Differences in Vital Signs Between Elderly and Nonelderly Patients Prior to Ward Cardiac Arrest.
Crit Care Med. 2014 Dec 31;
Authors: Churpek MM, Yuen TC, Winslow C, Hall J, Edelson DP
OBJECTIVES:: Vital signs and composite scores, such as the Modified Early Warning Score, are used to identify high-risk ward patients and trigger rapid response teams. Although age-related vital sign changes are known to occur, little is known about the differences in vital signs between elderly and nonelderly patients prior to ward cardiac arrest. We aimed to compare the accuracy of vital signs for detecting cardiac arrest between elderly and nonelderly patients.
DESIGN:: Observational cohort study.
SETTING:: Five hospitals in the United States.
PATIENTS:: A total of 269,956 patient admissions to the wards with documented age, including 422 index ward cardiac arrests.
MEASUREMENTS AND MAIN RESULTS:: Patient characteristics and vital signs prior to cardiac arrest were compared between elderly (age, 65 yr or older) and nonelderly (age, < 65 yr) patients. The area under the receiver operating characteristic curve for vital signs and the Modified Early Warning Score were also compared. Elderly patients had a higher cardiac arrest rate (2.2 vs 1.0 per 1,000 ward admissions; p < 0.001) and in-hospital mortality (2.9% vs 0.7%; p < 0.001) than nonelderly patients. Within 4 hours of cardiac arrest, elderly patients had significantly lower mean heart rate (88 vs 99 beats/min; p < 0.001), diastolic blood pressure (60 vs 66 mm Hg; p = 0.007), shock index (0.82 vs 0.93; p < 0.001), and Modified Early Warning Score (2.6 vs 3.3; p < 0.001) and higher pulse pressure index (0.45 vs 0.41; p < 0.001) and temperature (36.4°C vs 36.3°C; p = 0.047). The area under the receiver operating characteristic curves for all vital signs and the Modified Early Warning Score were higher for nonelderly patients than elderly patients (Modified Early Warning Score area under the receiver operating characteristic curve 0.85 [95% CI, 0.82-0.88] vs 0.71 [95% CI, 0.68-0.75]; p < 0.001).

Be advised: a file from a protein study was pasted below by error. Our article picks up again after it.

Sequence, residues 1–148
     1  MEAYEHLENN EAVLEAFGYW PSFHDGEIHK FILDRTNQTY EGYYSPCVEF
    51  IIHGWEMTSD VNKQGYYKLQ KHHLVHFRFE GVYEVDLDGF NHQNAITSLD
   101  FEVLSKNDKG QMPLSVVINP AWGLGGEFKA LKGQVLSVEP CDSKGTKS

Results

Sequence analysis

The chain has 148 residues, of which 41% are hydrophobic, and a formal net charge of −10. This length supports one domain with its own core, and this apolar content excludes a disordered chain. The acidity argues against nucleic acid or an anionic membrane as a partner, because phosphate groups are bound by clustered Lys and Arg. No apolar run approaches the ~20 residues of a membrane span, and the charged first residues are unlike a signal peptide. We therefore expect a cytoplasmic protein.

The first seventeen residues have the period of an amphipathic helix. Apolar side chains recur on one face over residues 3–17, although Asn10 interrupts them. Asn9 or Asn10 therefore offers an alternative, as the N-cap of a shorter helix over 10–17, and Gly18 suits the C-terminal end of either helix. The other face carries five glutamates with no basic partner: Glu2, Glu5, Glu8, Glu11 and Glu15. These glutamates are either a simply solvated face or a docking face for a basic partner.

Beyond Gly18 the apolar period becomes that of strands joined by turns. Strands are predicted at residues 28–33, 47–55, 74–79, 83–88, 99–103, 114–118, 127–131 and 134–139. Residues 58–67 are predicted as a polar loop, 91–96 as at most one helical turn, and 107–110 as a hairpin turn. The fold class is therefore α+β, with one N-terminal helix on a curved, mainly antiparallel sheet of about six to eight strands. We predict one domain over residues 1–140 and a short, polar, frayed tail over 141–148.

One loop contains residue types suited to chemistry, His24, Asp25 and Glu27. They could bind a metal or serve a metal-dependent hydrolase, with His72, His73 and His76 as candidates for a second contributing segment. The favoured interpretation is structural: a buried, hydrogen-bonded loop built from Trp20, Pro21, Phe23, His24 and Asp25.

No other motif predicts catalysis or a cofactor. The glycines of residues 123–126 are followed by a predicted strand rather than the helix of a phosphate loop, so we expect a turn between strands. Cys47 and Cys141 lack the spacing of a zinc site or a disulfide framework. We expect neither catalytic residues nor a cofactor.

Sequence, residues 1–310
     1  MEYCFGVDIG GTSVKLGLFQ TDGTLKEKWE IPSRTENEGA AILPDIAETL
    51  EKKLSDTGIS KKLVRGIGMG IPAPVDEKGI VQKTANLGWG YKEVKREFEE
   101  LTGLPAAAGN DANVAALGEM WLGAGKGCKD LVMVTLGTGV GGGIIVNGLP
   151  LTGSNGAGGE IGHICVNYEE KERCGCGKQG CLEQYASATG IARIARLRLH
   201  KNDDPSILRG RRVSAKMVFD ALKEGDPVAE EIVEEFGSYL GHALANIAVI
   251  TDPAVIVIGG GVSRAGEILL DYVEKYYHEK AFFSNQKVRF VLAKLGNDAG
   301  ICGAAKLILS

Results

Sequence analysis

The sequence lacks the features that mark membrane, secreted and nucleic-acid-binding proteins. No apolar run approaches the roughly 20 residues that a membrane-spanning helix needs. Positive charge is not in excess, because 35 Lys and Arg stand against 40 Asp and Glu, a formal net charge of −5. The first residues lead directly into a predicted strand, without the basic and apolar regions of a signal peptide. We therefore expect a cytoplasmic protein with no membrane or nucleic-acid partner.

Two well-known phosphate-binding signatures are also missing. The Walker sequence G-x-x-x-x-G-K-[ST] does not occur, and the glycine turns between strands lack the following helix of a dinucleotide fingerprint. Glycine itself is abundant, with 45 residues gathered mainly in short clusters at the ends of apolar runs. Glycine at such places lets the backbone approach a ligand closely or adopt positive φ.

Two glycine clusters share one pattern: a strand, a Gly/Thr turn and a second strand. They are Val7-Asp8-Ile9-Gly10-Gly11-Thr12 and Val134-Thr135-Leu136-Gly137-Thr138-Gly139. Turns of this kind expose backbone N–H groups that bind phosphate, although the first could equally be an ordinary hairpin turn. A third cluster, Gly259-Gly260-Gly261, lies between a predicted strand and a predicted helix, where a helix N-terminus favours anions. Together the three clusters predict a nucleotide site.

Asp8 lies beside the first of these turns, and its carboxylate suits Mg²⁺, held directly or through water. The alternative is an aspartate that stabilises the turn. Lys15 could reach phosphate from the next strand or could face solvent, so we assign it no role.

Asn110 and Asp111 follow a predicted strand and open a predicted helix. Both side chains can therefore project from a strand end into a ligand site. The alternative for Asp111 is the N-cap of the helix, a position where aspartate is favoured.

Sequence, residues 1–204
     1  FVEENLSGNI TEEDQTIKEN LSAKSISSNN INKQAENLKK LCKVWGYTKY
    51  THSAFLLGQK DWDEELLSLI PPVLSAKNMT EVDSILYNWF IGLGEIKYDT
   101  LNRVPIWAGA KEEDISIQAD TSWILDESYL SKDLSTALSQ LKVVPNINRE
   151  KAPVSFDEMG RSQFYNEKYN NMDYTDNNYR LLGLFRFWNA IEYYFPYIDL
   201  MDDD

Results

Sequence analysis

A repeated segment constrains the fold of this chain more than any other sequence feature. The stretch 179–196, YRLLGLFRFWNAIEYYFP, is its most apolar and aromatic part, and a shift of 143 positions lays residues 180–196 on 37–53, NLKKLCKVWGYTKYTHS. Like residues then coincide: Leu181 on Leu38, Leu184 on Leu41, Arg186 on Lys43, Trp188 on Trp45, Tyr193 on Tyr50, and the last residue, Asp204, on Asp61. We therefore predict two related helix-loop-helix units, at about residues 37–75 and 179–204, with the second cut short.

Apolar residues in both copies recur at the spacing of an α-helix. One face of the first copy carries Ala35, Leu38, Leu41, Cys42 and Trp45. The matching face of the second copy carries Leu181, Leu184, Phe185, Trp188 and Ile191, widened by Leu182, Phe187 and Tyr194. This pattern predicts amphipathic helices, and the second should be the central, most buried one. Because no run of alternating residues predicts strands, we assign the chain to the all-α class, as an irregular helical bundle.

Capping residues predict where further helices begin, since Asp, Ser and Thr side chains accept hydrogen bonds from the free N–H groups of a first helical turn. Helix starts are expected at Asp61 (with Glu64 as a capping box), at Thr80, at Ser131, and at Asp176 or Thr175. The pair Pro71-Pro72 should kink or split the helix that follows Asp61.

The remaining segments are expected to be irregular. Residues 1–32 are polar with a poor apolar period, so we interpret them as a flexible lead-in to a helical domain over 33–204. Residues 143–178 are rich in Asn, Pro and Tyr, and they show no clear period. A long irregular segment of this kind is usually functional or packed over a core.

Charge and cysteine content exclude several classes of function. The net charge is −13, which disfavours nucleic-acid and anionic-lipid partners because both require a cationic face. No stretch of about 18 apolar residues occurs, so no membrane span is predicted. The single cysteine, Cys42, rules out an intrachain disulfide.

CONCLUSIONS:: Vital signs more accurately detect cardiac arrest in nonelderly patients compared with elderly patients, which has important implications for how they are used for identifying critically ill patients. More accurate methods for risk stratification of elderly patients are necessary to decrease the occurrence of this devastating event.
PMID: 25559439 [PubMed - as supplied by publisher]